Live painting, also known as performance painting, is Isaac Chukwu's signature style. Photo: Isaac Chukwu 

By Pauline Odhiambo

Painting before a live audience is a skill Isaac Chukwu has perfected over time, curving a crucial niche for himself in the art world by painting his subjects ‘upside down’.

Live painting, also known as performance painting, has certainly elevated Chukwu’s artistry – he has broken out of the traditional studio setup to paint within a limited time frame at various events in Ghana.

“Upside down method is basically just painting a subject in reverse, I start by painting the torso then gradually move to the head, “the Ghanaian-Nigerian artist tells TRT Afrika.

“The shortest time I have taken to complete such a portrait is about 2 minutes. That’s the same time frame I painted (Ghanaian rapper) Sarkodie’s album cover during a concert in 2018.”

That painting was shortly afterwards bought by Hollywood actor Idris Elba who had attended the concert in the capital Accra.

Chukwu has since painted several West African musicians including Shatta Wale, Stonebwoy and Nigerian record producer Don Jazzy among other stars.

He once painted up to nine portraits back-to-back during an awards ceremony – the portraits were then presented accordingly to all the winners named at the event.

“I’ve also painted the Vice-President (Mahamadu Bawumia) at a dinner ceremony held in his honour. His portrait was ready for presentation by the end of the meal,” he says.

Childhood hobby

Chukwu credits his knowhow of upside down painting to regularly watching other painters on a popular talent show broadcast worldwide in multiple countries. He also picked up more tips on the skill by watching a fellow Ghanaian painter at work.

The 26-year old has done up to 300 professional paintings according to his estimates, many of them portraits of key celebrants at birthdays and anniversary parties which make a huge chunk of his client base.

As the celebrations go on, Chukwu – whose easel is often positioned center-stage or off to the side where audiences can watch his canvas come alive – paints with seeming ease. His confident brush strokes however belie his many years of training starting from childhood.

“I was never the strongest student academically but my classmates would often beg me to draw in their notebooks some of the diagrams in our science lessons,” he recalls.

“At that point, I thought art was just a childhood hobby. It wasn’t something I took seriously.”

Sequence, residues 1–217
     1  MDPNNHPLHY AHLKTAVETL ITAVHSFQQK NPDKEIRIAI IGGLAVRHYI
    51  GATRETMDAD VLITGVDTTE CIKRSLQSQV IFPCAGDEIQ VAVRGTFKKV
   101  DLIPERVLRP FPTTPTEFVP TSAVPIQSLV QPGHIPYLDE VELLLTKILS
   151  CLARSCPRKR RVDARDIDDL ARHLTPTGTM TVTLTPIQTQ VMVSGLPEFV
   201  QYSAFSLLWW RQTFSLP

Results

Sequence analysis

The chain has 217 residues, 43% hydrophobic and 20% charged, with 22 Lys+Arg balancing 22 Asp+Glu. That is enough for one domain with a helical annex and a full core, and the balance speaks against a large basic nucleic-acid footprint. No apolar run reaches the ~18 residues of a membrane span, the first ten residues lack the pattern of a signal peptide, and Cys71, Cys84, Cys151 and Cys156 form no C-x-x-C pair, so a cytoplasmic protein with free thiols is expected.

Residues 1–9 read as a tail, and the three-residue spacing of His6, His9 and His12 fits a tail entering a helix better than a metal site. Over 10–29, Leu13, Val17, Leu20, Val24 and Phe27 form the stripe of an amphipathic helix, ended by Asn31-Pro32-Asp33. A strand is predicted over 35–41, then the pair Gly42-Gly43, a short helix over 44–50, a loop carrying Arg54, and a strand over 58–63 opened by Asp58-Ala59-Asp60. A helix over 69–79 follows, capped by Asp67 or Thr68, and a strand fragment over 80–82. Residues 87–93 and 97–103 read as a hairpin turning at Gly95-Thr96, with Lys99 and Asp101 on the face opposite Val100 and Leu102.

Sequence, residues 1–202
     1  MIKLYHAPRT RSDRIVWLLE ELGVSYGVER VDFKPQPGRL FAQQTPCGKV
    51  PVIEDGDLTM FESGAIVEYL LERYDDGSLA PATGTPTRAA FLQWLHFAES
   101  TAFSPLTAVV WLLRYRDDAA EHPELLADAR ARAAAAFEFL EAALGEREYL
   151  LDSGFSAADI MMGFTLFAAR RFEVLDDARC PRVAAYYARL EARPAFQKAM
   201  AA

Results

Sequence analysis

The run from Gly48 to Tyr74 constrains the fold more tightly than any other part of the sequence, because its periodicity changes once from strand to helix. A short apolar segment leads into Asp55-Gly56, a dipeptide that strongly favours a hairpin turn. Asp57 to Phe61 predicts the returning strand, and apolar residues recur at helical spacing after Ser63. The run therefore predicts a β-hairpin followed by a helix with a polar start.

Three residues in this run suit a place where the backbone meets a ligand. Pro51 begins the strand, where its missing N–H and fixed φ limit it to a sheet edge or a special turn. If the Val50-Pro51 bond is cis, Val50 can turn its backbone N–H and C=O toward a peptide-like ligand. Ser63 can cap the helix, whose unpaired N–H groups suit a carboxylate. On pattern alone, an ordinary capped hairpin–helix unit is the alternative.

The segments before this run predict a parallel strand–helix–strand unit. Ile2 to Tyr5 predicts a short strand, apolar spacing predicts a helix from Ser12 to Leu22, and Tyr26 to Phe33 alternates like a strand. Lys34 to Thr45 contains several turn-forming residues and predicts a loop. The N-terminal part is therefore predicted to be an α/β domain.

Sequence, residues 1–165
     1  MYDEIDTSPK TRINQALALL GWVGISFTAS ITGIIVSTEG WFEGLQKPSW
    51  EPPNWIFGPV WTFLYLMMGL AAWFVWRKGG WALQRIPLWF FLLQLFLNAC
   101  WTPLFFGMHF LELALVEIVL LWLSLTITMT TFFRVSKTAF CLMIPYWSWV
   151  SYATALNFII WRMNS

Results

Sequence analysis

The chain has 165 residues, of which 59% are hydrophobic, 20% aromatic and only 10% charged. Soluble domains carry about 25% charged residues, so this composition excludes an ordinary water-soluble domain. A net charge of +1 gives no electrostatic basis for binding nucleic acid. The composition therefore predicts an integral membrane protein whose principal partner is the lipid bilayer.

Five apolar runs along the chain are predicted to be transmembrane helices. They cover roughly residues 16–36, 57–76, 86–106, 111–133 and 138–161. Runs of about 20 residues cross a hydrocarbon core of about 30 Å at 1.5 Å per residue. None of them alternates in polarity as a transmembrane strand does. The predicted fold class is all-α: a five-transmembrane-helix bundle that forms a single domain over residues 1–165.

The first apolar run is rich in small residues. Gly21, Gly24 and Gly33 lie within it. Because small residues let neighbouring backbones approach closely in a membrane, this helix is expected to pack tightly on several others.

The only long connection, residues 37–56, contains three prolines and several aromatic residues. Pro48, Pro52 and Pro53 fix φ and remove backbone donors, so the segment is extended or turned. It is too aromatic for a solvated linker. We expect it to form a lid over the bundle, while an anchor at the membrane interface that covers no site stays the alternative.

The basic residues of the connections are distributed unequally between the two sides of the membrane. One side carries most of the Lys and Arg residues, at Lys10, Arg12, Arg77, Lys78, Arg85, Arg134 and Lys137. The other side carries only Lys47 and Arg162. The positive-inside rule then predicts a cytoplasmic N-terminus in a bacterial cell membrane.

Chukwu’s mother, a teacher at his school, would encourage him to put more effort in his academics but playing volleyball or football and doing other extracurricular activities held more appeal.

It took a medical emergency in 2012 for Chukwu to finally take his art seriously.

“My father had a stroke and that was the wakeup call I needed because it became very real to me how, as the first-born, I had to step into the role of provider for my mum and three siblings.”

Hollywood actor Idris Elba bought a painting by Chukwu in 2018. Photo: Isaac Chukwu


Being a scout cadet and drummer in the school marching band made him contemplate joining the army after high school but the harsh conditions of military training saw him quickly abandon the idea.

His next option was to play sports at a professional level but, with encouragement from his arts teachers, Chukwu decided to give art a real go.

“I put all my effort into art and worked as an apprentice for a long while after high school before finally studying commercial art,” he says. “I actually started doing live painting in church as way of honoring visiting pastors. I’d often match my painting pace to the choir session so that by the time they were done singing, the painting would be ready for presentation.”

Chukwu gradually grew his art business with the help of the congregation who began approaching him to perform at birthdays and anniversaries.

“The church was my comfort zone because I was often give me more time to perfect the paintings after the sermon,” says Chukwu who has been a painting professional for eight years.

“Live painting at other events transformed my art by helping me learn how to perfect my skill and elevate my performance with letter cutout paintings.”

Letter cutout is a form of painting based on words, quotes or initials that are motivational or inspirational. Chukwu tapes these cutouts on canvas then paints over or around them to complete the artwork.

“I sometimes do letter cutouts in studio and record myself painting so that the client can show the whole process at their event,” says the self-taught videographer and content producer who sometimes swaps letter cutouts for numbers or jigsaw slides.

“Most of the video sessions I post on my social media are actually self-recorded using my phone camera.”

Blindfold painting

Chukwu also works as a production manager at an art gallery in Accra – a job he has held for four years and to which he credits his growing level of skill.

“Installing and exhibiting artwork for different artist across Africa has shaped how I view my own art, and that has to some extent influenced my content creation process, he states.”

He has incorporated painting blindfolded into his live performance but says it is a skill he still needs time to perfect.

Chukwu also enjoys collaborations with poets, spoken word artist, saxophonists and other artists – illustrating their art and other concepts of their performance.

“I am currently working with a magician to see what kind of show we can put out to audiences who appreciate both art and magic,” he tells TRT Afrika. “It’s always beautiful seeing how different audiences react to art in its various forms.”

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TRT Afrika